When a host of business leaders, community leaders, and political luminaries, including President Barack Obama, attended the Alfred E. Smith Memorial Foundation Dinner on October 18, they were supporting a religious group that has funded pro-life causes in the recent past.
While the dinner is billed as raising cash for a foundation serving disadvantaged children, there is no such foundation registered with the Internal Revenue Service or New York’s attorney general. Legally, the event is treated by the state and federal governments as part of the Archdiocese of New York.
Timothy Cardinal Dolan, the current head of the archdiocese, is the board chair of the dinner and one of five Roman Catholic prelates or archdiocese staffers who sit on the 19-member board.
In an October 17 story, the New York Times reported that this year’s dinner was expected to raise $5 million. What most of that money will be spent on is anyone’s guess. While religious groups benefit from taxpayer subsidies because donations to them are tax-deductible, those groups are exempt from the requirement that they file annual reports that would detail how they spend the cash they raise. All other non-profits must file such reports.
Money from the event has gone to pro-life causes in the past. Among the 2011 recipients of cash from the dinner were two groups that provide alternatives to abortion.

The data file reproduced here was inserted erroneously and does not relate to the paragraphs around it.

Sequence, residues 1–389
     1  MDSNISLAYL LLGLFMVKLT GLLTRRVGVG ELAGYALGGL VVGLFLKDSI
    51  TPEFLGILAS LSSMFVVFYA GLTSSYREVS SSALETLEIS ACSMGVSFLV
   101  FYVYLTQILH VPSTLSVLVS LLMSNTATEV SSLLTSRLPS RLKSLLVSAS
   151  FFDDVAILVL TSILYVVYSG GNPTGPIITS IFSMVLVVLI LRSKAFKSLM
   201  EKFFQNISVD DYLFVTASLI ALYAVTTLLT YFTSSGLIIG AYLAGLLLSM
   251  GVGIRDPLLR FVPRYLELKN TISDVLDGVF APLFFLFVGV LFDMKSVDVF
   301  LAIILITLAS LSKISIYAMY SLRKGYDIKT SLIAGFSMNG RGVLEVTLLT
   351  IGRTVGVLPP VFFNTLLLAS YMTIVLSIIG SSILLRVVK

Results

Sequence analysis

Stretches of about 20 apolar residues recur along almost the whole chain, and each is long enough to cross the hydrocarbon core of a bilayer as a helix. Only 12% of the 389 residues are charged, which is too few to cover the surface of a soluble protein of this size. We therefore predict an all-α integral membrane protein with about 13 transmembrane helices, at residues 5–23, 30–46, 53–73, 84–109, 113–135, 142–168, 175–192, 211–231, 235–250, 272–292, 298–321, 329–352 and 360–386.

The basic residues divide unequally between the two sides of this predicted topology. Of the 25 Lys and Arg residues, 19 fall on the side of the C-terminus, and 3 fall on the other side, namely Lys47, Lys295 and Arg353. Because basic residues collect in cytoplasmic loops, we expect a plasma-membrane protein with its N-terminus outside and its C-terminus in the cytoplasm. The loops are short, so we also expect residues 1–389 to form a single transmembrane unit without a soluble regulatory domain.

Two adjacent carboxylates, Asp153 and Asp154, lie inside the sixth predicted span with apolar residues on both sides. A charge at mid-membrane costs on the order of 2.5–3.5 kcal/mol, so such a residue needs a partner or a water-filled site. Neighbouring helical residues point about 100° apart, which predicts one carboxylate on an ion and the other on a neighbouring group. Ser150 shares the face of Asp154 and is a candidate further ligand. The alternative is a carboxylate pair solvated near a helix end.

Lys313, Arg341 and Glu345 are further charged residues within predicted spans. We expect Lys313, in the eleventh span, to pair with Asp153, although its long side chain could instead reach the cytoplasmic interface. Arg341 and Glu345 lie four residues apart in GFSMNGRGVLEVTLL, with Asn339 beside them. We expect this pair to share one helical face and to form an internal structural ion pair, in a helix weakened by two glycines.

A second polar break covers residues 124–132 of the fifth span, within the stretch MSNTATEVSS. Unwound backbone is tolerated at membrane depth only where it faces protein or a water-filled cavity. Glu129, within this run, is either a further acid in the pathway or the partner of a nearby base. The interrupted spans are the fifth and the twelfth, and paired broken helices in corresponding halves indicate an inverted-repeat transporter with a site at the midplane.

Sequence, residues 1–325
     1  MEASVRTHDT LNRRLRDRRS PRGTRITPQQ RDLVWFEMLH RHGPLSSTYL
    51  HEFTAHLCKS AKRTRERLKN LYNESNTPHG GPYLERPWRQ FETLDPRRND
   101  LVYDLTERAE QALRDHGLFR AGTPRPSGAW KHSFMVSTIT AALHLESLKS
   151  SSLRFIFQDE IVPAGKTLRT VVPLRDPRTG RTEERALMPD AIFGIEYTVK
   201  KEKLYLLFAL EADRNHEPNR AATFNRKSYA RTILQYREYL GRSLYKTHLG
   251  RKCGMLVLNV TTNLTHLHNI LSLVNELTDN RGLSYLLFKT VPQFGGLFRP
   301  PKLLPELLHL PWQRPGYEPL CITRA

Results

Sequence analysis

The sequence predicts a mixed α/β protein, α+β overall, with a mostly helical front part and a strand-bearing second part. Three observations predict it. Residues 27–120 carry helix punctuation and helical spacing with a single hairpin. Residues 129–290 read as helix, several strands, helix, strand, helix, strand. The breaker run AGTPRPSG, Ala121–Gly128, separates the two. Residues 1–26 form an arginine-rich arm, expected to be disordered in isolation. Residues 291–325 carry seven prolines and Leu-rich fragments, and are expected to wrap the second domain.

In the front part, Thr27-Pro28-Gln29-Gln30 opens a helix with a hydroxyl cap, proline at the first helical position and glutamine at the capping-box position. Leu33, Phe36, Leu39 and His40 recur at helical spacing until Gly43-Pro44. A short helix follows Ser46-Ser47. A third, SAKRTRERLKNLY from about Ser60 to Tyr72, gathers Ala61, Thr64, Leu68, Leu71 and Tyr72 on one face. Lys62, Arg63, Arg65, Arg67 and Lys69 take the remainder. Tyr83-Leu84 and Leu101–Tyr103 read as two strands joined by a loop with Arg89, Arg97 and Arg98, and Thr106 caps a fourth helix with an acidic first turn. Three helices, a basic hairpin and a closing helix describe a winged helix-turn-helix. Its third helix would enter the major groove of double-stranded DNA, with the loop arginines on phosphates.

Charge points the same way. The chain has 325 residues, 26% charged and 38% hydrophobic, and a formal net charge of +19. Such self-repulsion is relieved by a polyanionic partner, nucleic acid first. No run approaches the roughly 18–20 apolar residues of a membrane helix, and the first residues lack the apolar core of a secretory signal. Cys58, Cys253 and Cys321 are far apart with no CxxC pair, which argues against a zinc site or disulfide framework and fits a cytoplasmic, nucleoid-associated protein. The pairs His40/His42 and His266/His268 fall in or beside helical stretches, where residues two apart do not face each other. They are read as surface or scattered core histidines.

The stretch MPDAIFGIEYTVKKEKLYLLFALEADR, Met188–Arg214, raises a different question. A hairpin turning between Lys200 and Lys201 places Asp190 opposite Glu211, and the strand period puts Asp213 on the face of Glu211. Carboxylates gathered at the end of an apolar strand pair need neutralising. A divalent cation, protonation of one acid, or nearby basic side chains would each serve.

Good Counsel Homes, which calls itself “a private Catholic agency whose primary mission is to help homeless pregnant women by providing a loving family environment in a safe and secure shelter,” was a 2011 grantee.
The organization was founded in 1985 by “Friar Benedict Groeschel and Christopher Bell, both leaders in the pro-life movement,” according to the group’s website. Groeschel remains its board chair.
Another 2011 grantee, the Pregnancy Care Center, describes itself as “a non-sectarian organization founded in 1974 offering positive alternatives to abortion” on its website.
“What’s wrong with that?” said City Council Speaker Christine Quinn, who attended this year’s dinner and the 2011 dinner. “Choice doesn’t mean we’re for one choice. Choice means we’re for an array of choices and women getting to decide for themselves… If you say you’re pro-choice and you’re only for one choice, you’re hypocritical.”
With her eye on the mayor’s office, Quinn, an out lesbian who represents Chelsea, has been regularly visiting all five boroughs and checking in with multiple constituencies. Prior to Thanksgiving last year, she handed out meals with Dolan at a Harlem community center.
“In years past, it went to St. Vincent’s and this year, my understanding is it went to not-for-profit organizations that provide services to New Yorkers under various umbrellas and they are all organizations that I am proud to support,” Quinn said of the dollars raised at the dinner.
The dinners began in 1946 and were founded by Francis Cardinal Spellman, who headed the Archdiocese of New York from 1939 to 1967. Smith served three terms as New York’s governor and was the Democratic nominee for president in 1928. He was the first Roman Catholic to be nominated for president by a major political party.
Since 1960, it has been common, though not consistent, for the Democratic and Republican nominees for president to come to the dinner, where they always sit on the dais on either side of whoever is heading the archdiocese, and make self-deprecating remarks. This year was no exception as Obama and Mitt Romney both attended and cracked wise.
Also attending this year’s event were Mayor Michael Bloomberg and Governor Andrew Cuomo.